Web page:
Term Sheet

The latest on private equity, M&A, deals and movements — from Wall Street to Silicon Valley

6 things I learned at Berkshire's annual meeting

May 4, 2013: 5:07 PM ET

Buffett is worried about health care costs, not banks.

Warren BuffettFORTUNE -- At Berkshire Hathaway's (BRKA) annual meeting on Saturday, Warren Buffett fielded questions from investors, journalists, analysts and, for the first time, invited onto the stage one investor, Doug Kass, who is betting against Berkshire's stocks. ("You haven't convinced us yet to sell our stock, but keep working," said Buffett in response to one question.) The questions ranged from those about the challenges facing America, the Fed's stimulus efforts and underwear (Berkshire owns Fruit of the Loom). Here's what we learned:

1) The biggest threat facing the U.S. economy is rising health care costs, says Buffett. The U.S. economy spends 17.5 cents of every dollar on health care, compared to 8 cents in other countries. Buffett said that's a major competitive disadvantage.

2) Corporate profits may have peaked, at least as a percentage of the economy. Buffett says corporations have made an amazing recovery, but he notes that the unemployment rate remains high. He said he thought that dichotomy would remain a topic of "public discourse." But he thinks GDP will grow. So not all bad.

MORE: Buffett worries about Fed's 'huge experiment'

3) Buffett hasn't been to Mt. Gox. He says doesn't know much about Bitcoin, the virtual currency that has been gotten a lot of buzz lately. Buffett's partner Charlie Munger said that he has no confidence that Bitcoin will become a viable meaningful currency. Buffett said he thinks the dollar will remain the world's default currency for years to come, perhaps forever. "Of our $49 billion, we haven't moved any of it into Bitcoins," says Buffett.

4) Buffett isn't worried about another financial crisis, but Munger may be. Buffett says he doesn't worry about banks creating the next bubble or bust. And he says he has no plans to sell the shares he has in any of the big banks, including Wells Fargo (WFC), U.S. Bancorp (USB), and M&T Bancorp (MTB). But Buffett does say that Dodd-Frank and other new regulations have lowered the returns banks can generate.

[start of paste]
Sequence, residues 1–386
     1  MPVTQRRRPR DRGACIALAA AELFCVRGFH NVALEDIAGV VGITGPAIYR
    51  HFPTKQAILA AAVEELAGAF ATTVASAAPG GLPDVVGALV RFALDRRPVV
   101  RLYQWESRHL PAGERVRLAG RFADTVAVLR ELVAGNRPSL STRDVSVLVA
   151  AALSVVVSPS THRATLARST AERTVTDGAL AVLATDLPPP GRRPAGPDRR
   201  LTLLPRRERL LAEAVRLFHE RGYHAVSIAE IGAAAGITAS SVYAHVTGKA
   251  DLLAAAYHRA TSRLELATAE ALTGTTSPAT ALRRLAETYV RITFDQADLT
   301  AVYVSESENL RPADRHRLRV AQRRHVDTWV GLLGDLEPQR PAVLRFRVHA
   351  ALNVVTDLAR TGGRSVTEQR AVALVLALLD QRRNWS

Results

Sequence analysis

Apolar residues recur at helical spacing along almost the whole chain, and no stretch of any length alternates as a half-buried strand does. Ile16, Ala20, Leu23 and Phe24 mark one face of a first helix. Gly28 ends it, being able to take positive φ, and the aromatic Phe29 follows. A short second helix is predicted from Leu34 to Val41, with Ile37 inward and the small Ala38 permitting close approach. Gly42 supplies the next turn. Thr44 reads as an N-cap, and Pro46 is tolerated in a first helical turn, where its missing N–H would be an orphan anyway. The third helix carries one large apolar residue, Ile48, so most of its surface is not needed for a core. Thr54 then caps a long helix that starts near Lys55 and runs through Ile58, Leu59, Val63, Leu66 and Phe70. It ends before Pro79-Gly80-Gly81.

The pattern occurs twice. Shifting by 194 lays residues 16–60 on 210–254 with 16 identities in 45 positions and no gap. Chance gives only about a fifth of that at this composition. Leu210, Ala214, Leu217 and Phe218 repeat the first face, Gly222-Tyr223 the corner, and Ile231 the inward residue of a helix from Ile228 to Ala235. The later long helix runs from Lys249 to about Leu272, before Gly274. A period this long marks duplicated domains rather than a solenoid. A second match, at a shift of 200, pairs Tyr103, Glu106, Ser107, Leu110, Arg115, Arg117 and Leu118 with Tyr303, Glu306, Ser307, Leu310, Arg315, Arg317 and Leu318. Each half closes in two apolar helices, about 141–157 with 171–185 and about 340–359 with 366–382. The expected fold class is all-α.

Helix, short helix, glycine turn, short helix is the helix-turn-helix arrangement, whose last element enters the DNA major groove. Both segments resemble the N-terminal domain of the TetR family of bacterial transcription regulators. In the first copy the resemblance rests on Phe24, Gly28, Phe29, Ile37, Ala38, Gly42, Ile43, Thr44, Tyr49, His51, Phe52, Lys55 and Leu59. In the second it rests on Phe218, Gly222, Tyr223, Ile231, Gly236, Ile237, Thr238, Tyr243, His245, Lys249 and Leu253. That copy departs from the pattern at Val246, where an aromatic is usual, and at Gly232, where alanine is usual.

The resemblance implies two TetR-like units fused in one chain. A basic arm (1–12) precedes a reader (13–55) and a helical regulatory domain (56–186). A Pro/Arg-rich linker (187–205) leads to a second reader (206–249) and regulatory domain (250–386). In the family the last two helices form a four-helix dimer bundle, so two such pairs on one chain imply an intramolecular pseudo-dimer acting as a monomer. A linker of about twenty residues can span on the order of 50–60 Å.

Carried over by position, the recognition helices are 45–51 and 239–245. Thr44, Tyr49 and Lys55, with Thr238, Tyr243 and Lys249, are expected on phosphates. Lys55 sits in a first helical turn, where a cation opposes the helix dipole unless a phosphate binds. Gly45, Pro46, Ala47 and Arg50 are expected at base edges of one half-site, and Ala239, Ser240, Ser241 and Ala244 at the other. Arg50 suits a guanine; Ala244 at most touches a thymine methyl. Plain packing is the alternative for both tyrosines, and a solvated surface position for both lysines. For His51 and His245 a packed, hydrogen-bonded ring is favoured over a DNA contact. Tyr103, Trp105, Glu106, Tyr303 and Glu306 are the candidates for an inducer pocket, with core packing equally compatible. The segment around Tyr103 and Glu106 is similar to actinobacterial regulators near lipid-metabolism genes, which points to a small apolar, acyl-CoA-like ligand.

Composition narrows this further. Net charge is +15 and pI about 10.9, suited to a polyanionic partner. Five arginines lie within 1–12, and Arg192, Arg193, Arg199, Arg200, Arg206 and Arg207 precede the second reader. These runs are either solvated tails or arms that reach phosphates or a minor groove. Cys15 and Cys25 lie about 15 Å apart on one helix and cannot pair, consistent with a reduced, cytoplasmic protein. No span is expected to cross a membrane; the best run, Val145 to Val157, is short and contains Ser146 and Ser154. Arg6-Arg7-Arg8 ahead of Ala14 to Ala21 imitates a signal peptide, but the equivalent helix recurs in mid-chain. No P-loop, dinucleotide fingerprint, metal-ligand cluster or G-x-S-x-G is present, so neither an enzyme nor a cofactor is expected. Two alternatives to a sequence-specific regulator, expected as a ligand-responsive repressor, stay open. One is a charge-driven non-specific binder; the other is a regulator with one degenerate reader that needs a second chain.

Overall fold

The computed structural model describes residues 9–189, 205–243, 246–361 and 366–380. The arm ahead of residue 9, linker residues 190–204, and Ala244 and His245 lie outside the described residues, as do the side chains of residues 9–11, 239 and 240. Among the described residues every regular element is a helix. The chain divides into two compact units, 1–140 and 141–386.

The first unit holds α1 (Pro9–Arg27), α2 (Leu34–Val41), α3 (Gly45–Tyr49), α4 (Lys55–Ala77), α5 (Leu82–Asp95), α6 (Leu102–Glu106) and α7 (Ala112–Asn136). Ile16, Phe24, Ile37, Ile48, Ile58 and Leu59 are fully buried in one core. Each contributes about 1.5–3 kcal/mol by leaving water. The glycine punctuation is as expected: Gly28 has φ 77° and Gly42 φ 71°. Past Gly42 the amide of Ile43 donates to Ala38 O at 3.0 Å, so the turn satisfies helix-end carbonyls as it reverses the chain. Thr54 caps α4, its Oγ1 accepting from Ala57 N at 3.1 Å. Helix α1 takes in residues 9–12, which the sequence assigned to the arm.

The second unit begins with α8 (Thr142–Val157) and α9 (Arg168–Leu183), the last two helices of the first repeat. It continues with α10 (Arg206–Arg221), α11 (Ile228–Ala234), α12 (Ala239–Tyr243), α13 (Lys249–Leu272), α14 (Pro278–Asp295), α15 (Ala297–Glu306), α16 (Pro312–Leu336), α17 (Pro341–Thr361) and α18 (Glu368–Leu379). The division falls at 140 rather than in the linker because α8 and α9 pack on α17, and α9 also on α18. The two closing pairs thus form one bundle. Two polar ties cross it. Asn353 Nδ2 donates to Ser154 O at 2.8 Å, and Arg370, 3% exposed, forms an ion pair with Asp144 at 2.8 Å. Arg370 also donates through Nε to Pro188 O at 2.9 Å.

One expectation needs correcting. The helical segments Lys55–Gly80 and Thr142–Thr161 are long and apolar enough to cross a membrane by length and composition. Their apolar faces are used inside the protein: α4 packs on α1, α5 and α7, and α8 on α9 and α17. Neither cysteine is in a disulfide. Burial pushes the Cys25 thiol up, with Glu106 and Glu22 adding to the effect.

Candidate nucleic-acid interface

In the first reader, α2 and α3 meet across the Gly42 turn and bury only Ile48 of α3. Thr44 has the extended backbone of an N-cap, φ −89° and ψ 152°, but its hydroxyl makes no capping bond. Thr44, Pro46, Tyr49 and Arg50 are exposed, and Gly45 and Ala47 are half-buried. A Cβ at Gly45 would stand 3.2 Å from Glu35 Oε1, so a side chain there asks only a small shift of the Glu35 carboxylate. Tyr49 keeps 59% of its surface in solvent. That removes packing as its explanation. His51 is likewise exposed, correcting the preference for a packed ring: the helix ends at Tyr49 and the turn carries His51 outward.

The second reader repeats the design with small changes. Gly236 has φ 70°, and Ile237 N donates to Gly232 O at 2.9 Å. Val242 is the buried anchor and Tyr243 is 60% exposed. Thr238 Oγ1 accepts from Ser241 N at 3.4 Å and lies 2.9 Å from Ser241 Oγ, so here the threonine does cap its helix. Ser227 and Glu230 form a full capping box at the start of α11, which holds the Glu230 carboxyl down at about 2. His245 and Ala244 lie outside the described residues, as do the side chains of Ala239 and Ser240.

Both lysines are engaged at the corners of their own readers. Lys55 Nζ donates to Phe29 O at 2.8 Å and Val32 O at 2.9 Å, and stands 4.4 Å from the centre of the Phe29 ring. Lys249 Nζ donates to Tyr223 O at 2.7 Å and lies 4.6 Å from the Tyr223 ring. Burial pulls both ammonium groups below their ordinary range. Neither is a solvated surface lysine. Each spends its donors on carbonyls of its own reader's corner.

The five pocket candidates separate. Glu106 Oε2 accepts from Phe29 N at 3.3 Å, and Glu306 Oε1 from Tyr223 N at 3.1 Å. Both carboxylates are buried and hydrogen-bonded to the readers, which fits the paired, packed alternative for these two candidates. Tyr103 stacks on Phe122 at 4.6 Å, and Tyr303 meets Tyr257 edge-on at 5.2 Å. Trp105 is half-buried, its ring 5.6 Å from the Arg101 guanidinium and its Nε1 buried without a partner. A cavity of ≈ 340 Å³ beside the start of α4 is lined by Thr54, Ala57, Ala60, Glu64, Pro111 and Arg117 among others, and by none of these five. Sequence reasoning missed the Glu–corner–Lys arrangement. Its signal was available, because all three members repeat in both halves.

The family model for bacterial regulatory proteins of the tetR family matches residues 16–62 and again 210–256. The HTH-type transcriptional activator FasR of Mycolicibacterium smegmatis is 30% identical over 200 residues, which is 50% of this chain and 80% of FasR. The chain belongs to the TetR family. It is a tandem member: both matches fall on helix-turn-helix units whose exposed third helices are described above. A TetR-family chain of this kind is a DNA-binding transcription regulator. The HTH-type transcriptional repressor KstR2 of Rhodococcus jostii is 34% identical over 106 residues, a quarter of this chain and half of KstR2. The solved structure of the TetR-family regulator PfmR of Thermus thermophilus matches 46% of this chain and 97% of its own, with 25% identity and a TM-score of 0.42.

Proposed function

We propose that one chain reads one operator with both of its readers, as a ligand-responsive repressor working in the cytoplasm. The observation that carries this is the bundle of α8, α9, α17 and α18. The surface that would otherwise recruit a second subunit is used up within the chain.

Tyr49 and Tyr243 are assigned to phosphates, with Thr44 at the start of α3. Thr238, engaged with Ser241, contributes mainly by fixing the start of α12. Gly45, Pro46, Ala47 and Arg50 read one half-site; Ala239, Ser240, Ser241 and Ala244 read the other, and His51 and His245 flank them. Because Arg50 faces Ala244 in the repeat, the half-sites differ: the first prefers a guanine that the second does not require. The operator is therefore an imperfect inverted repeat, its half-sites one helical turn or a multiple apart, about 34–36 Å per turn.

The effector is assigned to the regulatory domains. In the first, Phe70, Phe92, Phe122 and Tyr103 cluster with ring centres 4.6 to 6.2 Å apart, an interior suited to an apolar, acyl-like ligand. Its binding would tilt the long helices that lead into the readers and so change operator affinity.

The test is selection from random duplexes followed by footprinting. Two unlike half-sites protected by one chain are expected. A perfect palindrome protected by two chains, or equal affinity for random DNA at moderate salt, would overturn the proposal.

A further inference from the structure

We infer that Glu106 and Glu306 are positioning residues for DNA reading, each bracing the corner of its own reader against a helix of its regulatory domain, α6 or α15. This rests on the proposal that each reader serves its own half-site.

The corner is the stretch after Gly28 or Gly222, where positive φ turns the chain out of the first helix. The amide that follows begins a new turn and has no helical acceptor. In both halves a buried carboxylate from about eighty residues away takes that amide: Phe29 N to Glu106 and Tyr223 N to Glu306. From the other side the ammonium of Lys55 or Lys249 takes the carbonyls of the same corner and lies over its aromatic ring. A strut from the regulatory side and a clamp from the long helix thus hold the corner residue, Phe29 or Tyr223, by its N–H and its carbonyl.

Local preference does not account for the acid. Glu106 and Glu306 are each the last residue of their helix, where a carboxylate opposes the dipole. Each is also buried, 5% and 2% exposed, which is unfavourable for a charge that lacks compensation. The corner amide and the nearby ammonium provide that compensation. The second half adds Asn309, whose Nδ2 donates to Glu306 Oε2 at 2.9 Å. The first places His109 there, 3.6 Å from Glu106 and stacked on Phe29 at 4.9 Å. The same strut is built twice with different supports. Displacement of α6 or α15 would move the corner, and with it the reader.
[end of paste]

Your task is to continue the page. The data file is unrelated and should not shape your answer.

Munger, though, says he thinks more should be done to rein in the big banks. For one, he thinks the market for financial derivatives has gotten too big and should be separated from traditional banks. "The financial statements of big banks are hard to understand," says Munger.

5) Buffett still has to defend his investment in newspapers. For the first time, Buffett says he's getting a tax benefit from buying small newspapers.

6) Buffett is still bullish on America. "I believe a baby born in America today will have better opportunities in life than ever before," says Buffett.

Join the Conversation
About This Author
Stephen Gandel
Stephen Gandel

Stephen Gandel has covered Wall Street and investing for over 15 years. He joins Fortune from sister publication TIME, where he was a senior business writer and lead blogger for The Curious Capitalist. He has also held positions at Money and Crain's New York Business. Stephen is a four-time winner of the Henry R. Luce Award. His work has also been recognized by the National Association of Real Estate Editors, the New York State Society of CPA and the Association of Area Business Publications. He is a graduate of Washington University, and lives in Brooklyn with his wife and two children.

Email | @stephengandel | RSS
Current Issue
  • Give the gift of Fortune
  • Get the Fortune app
  • Subscribe
Powered by WordPress.com VIP.